Probable Eagles owner has lot of family backing

March 31, 1994|By S.A. Paolantonio and Tim Panaccio | S.A. Paolantonio and Tim Panaccio,Knight-Ridder Newspapers

PHILADELPHIA -- Don't fret, Philadelphia Eagles fans.

When he buys the team for $185 million, Hollywood producer Jeffrey Lurie will have plenty of money left to invest in players, facilities and the front office to keep the Eagles a strong force in the highly competitive NFC East.

That's what Lurie's Boston-based financial adviser, Ed Rudman, said yesterday, confirming that the sale of the team by Norman Braman, a Miami car dealer, was imminent.

"The people of Philadelphia will not have to worry," Rudman said. "The family has the resources to back Jeffrey up in this deal. He's very well-set."

Lurie, 42, is the multimillion-dollar heir to the Smith family publishing and movie-house empire based in Boston. Rudman said the money "is not coming from the Smith side of the family per se," but said Lurie was putting up enough equity to make the debt manageable.

Rudman, confirming the sale price of $185 million, said the financing was being handled by the Bank of Boston, which put together the funding for the purchase of the New England Patriots for $155 million in January.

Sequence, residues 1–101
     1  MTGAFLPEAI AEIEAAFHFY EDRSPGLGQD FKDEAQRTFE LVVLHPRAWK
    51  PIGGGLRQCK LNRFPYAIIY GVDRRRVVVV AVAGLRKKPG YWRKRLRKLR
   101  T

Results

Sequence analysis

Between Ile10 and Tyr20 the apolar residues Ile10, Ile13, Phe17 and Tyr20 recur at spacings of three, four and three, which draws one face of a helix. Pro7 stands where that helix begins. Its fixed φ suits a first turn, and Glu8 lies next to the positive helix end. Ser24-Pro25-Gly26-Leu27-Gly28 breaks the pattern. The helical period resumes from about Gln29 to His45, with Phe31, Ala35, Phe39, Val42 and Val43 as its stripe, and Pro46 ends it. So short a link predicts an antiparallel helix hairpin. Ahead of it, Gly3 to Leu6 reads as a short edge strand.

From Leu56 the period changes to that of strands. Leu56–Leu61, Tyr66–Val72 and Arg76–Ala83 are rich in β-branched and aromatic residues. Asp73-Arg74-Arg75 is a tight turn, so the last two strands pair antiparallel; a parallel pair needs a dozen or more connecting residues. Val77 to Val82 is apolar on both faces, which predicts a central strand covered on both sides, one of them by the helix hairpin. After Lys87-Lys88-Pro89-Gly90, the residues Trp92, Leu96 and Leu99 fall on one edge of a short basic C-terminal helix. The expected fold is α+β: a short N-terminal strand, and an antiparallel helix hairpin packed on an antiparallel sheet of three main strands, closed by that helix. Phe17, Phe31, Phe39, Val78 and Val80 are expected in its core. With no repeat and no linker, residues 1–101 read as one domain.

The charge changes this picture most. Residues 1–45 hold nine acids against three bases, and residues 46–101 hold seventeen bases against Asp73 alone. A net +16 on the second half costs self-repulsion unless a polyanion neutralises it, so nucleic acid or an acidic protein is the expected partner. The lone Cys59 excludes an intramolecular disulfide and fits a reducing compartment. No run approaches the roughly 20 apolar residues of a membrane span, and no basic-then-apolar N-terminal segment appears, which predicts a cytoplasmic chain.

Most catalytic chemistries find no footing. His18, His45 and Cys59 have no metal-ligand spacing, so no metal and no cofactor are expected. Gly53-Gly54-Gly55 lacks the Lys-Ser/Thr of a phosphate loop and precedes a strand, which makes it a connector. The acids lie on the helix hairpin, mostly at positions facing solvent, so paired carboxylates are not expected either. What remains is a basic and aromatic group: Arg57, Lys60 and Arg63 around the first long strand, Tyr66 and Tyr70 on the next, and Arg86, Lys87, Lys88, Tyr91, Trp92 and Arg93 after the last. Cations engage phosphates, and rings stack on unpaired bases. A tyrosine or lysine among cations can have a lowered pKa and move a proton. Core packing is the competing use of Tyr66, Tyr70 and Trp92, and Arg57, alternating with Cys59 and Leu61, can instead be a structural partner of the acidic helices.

Robert Kraft, a Boston businessman who bought the Patriots, reportedly put up $50 million in family equity -- or a little less than a third of the purchase price. By that formula, Lurie would need to put up a little more than $60 million in equity. "Everything is done, certainly from our end," Rudman said by telephone. "All the financing is in place. We're just waiting on Mr. Braman's OK on a few things and his signature. The deal is done otherwise."

On his first day back at his Miami office after a three-week cruise in the Far East, Braman declined to talk with reporters. "Same position, same everything, no comment," he said.

When asked why he was selling the Eagles, Braman pretended not to hear the question. Several questions later, Braman turned and smiled.

"No comment," he said.

Braman spent most of the morning huddled with two business associates. Shortly after noon, he emerged from the meeting looking weary.

As Braman left for home at 5:30 p.m., he still wasn't talking. Asked about his trip to the Far East, Braman said, "The trip was fabulous. I'd be happy to fill you in on it."

In Philadelphia, Braman's daughter, Eagles vice president Suzi L. Braman, said that as of now, it looked as if she was going to remain in the team's front office when the ownership changed hands.

"I'm going to be staying," she said.

It appeared that football matters were on hold at Veterans Stadium. Sources close to the Minnesota Vikings said the Eagles were not prepared to complete a trade for defensive end Chris Doleman until the sale was final.

Don't look for ousted Dallas coach Jimmy Johnson to coach the Eagles any time soon. In a Dallas interview, Johnson was asked about speculation that the Eagles' new owner might be looking for a new coach.

"Do I even need to respond?" Johnson said with a laugh. "Philadelphia is too far from the equator."

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